A brand promise isn’t just about assuring your customers, it’s about establishing your ideals and values, making sure everybody on board buys into the same concept.
– Craig Barker, Koobr
– Craig Barker, Koobr
Developing a brand promise is something every business should consider, particularly when you’ve got specific selling points, pertaining to the quality of your service, that you would like to get across to your customers.
But more than that, it’s about pinning down your company values and ideals, and that’s what consumers really buy in to, and the same thing goes for invested staff and employees. So if you haven’t already crafted a brand promise, now is the perfect time to come up with one.
The whole point of marketing is to establish a solid, unquestionable connection with customers who are in need of services, and a strong brand promise is a huge part of that.
It’s not a description of what your company does in a literal sense, it’s the reason for doing why you do what you do, conveyed in such a way for the customer to draw instant parallels with their own specific needs.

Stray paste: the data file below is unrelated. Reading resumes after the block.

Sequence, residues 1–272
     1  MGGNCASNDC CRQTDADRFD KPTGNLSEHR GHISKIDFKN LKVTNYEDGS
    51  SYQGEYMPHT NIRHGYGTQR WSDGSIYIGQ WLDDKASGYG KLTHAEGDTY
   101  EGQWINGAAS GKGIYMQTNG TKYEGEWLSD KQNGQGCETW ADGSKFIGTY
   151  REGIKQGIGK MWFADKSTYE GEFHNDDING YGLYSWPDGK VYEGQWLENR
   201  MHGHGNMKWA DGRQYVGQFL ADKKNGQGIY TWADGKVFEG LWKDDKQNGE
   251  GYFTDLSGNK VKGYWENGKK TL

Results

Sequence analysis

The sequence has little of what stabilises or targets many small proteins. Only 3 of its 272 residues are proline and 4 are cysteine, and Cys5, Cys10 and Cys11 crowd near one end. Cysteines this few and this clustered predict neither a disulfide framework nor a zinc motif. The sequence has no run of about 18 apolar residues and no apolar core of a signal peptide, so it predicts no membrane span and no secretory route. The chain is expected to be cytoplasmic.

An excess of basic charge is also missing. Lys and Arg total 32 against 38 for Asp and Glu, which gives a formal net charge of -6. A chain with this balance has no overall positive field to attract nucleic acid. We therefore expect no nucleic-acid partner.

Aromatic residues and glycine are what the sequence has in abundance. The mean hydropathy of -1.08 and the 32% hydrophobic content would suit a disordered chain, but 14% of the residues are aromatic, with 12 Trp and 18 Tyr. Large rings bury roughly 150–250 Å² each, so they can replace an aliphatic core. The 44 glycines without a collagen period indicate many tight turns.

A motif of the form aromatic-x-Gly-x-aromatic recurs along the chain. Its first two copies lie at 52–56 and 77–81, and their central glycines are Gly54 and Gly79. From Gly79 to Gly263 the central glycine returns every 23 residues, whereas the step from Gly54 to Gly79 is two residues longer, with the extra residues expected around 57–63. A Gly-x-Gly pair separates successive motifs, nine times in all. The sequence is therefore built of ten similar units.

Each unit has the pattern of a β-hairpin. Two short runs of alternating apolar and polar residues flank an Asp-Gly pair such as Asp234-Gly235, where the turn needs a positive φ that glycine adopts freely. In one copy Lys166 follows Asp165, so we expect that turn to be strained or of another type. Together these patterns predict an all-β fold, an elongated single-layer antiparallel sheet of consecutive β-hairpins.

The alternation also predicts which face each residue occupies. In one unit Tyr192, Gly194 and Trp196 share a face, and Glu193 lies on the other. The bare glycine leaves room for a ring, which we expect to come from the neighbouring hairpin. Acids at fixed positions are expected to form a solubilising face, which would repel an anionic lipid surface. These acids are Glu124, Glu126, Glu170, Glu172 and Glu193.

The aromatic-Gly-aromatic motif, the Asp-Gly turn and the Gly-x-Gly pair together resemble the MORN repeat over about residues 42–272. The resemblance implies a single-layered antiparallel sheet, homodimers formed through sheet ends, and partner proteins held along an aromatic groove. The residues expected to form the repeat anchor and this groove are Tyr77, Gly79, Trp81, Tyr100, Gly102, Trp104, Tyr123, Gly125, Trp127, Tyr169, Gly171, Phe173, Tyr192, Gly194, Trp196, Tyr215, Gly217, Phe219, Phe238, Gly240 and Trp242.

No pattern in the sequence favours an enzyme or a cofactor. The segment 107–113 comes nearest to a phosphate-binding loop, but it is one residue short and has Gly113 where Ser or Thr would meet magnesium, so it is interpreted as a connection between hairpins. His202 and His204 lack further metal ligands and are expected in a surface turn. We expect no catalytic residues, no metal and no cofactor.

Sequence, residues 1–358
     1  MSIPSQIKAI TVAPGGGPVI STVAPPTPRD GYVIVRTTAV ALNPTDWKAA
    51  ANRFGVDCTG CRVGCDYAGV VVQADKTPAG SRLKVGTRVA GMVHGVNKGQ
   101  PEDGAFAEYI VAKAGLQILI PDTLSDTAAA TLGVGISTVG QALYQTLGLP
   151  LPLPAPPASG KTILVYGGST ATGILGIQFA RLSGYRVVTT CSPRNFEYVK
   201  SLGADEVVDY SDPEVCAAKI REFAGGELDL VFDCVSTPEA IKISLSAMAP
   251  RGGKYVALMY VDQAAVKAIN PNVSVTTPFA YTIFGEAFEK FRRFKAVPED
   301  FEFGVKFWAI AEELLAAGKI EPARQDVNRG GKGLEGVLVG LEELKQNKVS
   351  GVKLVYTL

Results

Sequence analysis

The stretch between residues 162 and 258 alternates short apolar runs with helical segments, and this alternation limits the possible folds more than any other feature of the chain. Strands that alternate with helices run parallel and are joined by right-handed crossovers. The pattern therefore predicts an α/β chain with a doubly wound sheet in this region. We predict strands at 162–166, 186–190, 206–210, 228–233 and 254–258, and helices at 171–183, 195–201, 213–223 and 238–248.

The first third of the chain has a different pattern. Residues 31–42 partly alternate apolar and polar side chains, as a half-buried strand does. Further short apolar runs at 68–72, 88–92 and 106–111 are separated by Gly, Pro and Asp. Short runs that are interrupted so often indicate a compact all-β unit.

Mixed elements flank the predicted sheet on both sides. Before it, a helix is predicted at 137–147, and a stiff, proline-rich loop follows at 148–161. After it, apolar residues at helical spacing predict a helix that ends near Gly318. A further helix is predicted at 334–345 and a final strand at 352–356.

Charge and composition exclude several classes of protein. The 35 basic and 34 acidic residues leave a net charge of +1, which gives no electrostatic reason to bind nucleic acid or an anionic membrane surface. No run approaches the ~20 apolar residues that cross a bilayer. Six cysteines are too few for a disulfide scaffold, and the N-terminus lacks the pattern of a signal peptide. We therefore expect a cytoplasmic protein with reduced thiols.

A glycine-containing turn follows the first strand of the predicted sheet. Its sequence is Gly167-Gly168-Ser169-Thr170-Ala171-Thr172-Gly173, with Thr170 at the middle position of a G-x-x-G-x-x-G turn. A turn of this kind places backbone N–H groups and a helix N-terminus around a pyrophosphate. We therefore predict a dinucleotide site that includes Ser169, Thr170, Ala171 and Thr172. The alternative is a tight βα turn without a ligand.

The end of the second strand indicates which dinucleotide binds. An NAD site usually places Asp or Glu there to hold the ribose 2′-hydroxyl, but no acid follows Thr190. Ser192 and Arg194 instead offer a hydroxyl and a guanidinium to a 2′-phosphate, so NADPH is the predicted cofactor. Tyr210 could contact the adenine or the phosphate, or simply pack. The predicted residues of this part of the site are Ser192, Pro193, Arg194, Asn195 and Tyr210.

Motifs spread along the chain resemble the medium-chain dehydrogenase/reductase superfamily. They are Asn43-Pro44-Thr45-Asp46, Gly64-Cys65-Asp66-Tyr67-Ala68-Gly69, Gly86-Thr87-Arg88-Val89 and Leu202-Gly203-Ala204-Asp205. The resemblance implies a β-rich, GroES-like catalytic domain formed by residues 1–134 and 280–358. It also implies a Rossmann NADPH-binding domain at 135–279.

This not only helps assure customers that your services are right for them – essential, in fact – it demonstrates a synchronicity of values, which goes a very long way towards forming a longstanding and trusted relationship.
Apple – “Think Different.”
Whilst IBM’s “Think” slogan was a testament to itself and their logical stance on all things technological, Apple’s sly alteration spoke to a whole generation of customers looking for something truly different than the same old corporate offerings in their IT products.
Coca-Cola – “To inspire moments of optimism and uplift.”
Without mention of the product itself – as if they even need to – Coca-Cola instead talk about their purpose in such a way that it resonates with the feelings, and the reasons, people typically have when reaching out for bottle of the world’s most famous fizzy drink.
Rackspace – “Fanatical support.”
Web hosting companies aren’t the most fascinating of industries to brag about, but the quality of their service and customer support is massively important to customers who require it. This is established as something Rackspace provide in their brand promise, emphasising the level of their commitment to ideological status.
There’s no point in making grand but equally empty pledges when crafting your brand promise, just for the sake of appealing to what customers want, it needs to something grounded that truly measures your deliverability.
The most important thing is authenticity, this is what really establishes trust, so dig deep and take a good look at your business; why do you do what it is that you do, what is it you want to achieve, and how do you make sure you follow through on these things? That’s what you need to talk about.